The return of the light and the steady drip drip drip of the snow melting has re-awakened my yearning for all that the Yukon has to offer us in our other, non-winter seasons.
Last week, I stopped at the Liquor Corporation store to look for a couple of rosé wines (rosé meaning “pinkish”) to try out for spring.
There’s something about the colour of rosé wines that I find springlike and cheerful, although in southern Europe they are a hot-weather favourite down the Mediterranean coast from France to Portugal.
In those places, served chilled to about 10 C, just about the current outdoor temperature these days in the Yukon, they are a wonderful lunchtime wine with all manner of ham, summer sausage and cold chicken-and-pasta salad dishes.
This hue of wines has become increasingly popular in North America and Europe. Pink-coloured and moderately sweet white zinfandels and blush wines, from California, are perennial bestsellers.
Sutter Home White Zinfandel ($10.80), introduced in 1975, continues, year after year, to be one of the bestselling wines in the U.S. And rosé wines now outsell white wines in France.
Two very different but representative styles of rosé wine can be found locally.
The first, representative of the sweeter end of the taste range, is the well-known Sogrape Mateus Rosé ($12.10) from Portugal. It has a light bouquet and, when you taste it, I taste hints of pear flavours. But after you swallow, the finish or aftertaste is dry, not cloying or sweet.
This medium-sweet, slightly fizzy wine was created in 1942 and became popular in the 60s and 70s in Canada and the U.S. Many wine drinkers of a certain vintage will recall this as their first wine-tasting adventure, sometimes with mixed results.
But Sogrape Mateus Rosé remains the most-successful wine exported from Portugal and, when chilled down, a delightful accompaniment to cold chicken. As well, I find its sweetness works really well to complement salty, cured meats like ham or sliced sausage. I also suspect that it might be an interesting match with halibut. Hmm, I’ll have to make a note to try that.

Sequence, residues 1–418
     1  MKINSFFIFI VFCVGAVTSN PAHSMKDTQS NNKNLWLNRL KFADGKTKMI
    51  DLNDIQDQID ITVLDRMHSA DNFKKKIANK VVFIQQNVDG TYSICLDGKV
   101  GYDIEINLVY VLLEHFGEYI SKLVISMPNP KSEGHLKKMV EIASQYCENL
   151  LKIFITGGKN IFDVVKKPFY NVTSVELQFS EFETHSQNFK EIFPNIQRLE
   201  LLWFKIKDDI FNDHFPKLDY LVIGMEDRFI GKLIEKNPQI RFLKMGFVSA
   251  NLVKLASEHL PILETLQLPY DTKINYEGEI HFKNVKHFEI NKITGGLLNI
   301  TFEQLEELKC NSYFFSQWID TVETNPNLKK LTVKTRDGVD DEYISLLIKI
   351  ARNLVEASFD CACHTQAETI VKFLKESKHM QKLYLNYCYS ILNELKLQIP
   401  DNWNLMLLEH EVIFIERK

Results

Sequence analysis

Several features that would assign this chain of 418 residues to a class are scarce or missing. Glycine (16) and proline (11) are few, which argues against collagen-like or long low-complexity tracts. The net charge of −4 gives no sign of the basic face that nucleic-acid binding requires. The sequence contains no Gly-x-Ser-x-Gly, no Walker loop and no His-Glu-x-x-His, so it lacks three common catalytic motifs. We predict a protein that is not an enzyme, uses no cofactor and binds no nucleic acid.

The second rosé that I tried was the French Chamarré Grenache Syrah ($14.15). Like virtually all French rosés I have tried, this one is bone dry. Classic French rosés come from the Anjou and Loire regions, but this one come from the up-and-coming wine region of the Isle of Corsica (Napoleon’s birthplace). While a part of France, the island is located off the Piedmont coast of Italy, in the Mediterranean.
In the last 20 years, Corsica has been working hard to build their wine reputation. They market their wine region not as Corsica, but as the L’ile de Beauté (the Isle of Beauty). This one is produced using Syrah and Grenache grapes and is a still, dry wine.
With little bouquet that I could identify, the flavour is much tarter than the Mateus … I thought with both some apricot and citrus hints. I would pair it with herb-roasted chicken, pasta or potato salad, white-fleshed seafood and maybe even oysters.
So give a rosé a try, some night, for something different. It may make you think of the warmer weather and longer days ahead.